June 7, 2017 the French coast is quiet. Waves lap the sands in the low tide, seagulls fly through the air, ships, of all sorts sail into the English channel. The beaches are quiet, and undisturbed, save for a few foreigners and fisherman. Yet in these sands, are remnants of a journey so long ago, a journey, that affected not only the people of France, but the world. These remnants may be difficult to be seen, especially from a distance, but upon closer viewing you can see what the bushes and sands have grown over and covered. The remains of massive concrete structures exist, the ruins of a once complex, organized and very much active system of trenches and bunkers. Some parts remain buried, broken and covered in Graffiti. To think in less than a century, that all these bunkers and battle grounds, could become so decayed, so forgotten.
But as you journey along the coast, you will see what has been built that commemorates the journey of the soldiers who risked their lives for so much. You will find memorials, like the Normandy American Cemetery and Memorial, which hosts ceremonies, and grave sites for the soldiers who served in Normandy on that fateful day.The French people will lay wreaths covered in red white and blue flowers, at nearly every memorial and plaque, to show their gratitude to the actions that eventually allowed their liberation. Museums and archaeological sites also dot the coastline, preserving, and depicting the journey taken by so many during the conflicts. Museums such as the Utah Beach Museum, Overlord museum and Radar museum provide detailed models of equipment, vehicles and reconstructed bunkers that show just what Allied troops would be facing. Archaeologists still attempt to uncover remains from the war, some of which have nearly been forgotten. One such example is the Maisy Battery, which is an area of German Howitzer outposts which have remained almost entirely buried up until the last decade, but have now been excavated, uncovering yet another trek taken by the Allied soldiers. You can continue to see remains at places such as Point Du Hoc and the Longues-Sur-Mer Gun Battery, which have still been preserved to be seen.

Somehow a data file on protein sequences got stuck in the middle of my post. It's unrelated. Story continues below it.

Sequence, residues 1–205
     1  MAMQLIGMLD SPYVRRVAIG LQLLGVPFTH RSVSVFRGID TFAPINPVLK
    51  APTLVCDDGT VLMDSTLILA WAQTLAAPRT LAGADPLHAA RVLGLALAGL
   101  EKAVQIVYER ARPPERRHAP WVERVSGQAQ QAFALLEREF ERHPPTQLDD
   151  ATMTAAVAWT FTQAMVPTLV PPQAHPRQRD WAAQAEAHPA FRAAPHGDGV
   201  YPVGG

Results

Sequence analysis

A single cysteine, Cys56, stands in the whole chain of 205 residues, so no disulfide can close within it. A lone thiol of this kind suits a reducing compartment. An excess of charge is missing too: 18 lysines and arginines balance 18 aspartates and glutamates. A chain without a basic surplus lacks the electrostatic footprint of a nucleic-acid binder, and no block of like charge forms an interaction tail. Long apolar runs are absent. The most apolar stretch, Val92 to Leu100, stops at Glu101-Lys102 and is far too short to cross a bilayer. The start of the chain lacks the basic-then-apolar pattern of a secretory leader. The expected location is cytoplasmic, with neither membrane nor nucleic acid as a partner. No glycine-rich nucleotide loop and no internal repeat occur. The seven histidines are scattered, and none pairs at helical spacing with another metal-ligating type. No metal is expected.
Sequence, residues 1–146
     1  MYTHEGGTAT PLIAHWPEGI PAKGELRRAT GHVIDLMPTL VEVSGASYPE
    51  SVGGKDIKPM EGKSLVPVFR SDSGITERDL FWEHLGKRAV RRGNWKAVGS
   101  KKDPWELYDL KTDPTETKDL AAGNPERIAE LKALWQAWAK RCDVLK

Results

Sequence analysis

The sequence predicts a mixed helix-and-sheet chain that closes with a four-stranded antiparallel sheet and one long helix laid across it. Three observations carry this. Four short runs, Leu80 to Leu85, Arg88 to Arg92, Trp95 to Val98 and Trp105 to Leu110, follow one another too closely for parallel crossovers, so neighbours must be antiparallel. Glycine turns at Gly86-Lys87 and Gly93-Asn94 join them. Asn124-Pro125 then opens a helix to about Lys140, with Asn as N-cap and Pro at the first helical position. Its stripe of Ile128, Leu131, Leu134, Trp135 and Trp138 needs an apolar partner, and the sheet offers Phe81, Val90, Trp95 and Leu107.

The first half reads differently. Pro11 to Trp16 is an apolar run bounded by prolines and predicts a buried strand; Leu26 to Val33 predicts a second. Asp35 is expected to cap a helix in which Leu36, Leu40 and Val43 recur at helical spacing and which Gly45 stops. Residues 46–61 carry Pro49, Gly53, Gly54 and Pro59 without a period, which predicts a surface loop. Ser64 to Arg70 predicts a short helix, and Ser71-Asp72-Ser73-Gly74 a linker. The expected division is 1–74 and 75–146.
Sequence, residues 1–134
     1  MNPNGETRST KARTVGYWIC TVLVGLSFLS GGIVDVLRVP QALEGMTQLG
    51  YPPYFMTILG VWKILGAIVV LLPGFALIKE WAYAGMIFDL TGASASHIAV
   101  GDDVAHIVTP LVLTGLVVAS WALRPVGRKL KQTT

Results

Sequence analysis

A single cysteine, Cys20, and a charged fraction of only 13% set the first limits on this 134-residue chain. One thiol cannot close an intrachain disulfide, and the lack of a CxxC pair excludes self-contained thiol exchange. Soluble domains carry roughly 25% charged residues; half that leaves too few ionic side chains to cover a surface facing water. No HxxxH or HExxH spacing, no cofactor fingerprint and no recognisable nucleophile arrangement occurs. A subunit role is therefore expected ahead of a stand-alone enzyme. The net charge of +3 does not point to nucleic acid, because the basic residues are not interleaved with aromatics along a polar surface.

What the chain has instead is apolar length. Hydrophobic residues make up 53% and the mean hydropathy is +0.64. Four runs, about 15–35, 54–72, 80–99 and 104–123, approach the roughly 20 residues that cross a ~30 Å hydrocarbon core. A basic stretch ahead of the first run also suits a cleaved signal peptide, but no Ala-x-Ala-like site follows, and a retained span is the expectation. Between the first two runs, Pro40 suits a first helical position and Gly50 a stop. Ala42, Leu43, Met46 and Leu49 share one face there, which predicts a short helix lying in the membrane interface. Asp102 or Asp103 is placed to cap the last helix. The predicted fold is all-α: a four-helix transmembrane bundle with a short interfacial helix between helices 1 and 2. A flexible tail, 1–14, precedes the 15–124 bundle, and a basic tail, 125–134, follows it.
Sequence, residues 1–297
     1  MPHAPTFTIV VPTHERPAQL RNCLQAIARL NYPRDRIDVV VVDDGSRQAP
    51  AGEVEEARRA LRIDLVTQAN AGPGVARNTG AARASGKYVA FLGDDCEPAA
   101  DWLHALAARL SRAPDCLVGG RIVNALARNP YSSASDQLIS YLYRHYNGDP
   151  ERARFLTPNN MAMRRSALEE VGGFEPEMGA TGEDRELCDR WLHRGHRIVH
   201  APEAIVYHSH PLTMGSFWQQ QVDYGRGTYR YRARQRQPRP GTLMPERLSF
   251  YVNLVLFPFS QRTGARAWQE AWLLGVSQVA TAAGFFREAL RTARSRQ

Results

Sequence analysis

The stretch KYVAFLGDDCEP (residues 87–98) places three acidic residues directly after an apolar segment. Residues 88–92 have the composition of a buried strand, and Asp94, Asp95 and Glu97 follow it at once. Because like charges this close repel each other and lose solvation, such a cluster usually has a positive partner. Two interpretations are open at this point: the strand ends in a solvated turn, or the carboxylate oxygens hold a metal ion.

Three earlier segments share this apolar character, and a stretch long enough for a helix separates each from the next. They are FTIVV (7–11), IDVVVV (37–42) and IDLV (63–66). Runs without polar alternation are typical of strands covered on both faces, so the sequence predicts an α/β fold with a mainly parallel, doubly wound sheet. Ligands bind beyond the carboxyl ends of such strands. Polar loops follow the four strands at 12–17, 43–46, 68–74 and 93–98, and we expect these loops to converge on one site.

As if these museums, memorials and sites were not enough dedication, every year, on the anniversary of D-Day, volunteers from the U.S.A. and all of Europe come to partake in a special reenactment of the events that unfolded on these beaches. You can witness the battles that took place, the paratroopers dropping from the sky, and the taking of vital positions. Throughout the entire week during and after the event, you will occasionally see people in World War Two styled vehicles and uniforms throughout the coast. This event, while providing an amazing show for tourists, also has a ceremonial purpose, as at the very end of this event, the reenactors will gather to raise the flags of the soldiers that died and fought in Normandy. Even after all these years, after many of the soldiers, civilians and people from then have passed, the French and many others attempt to help remember Normandy, and everything that happened on that day. A trip to the Beaches of Normandy is not simply just another site to be photographed and checked off as another seen place in the world, and its not simply just a museum with artifacts to point at. It’s its own memorial, dedicated not only to what was lost, but what was saved, and that should be something that everyone finds worth dedicating time to see and most importantly to remember.
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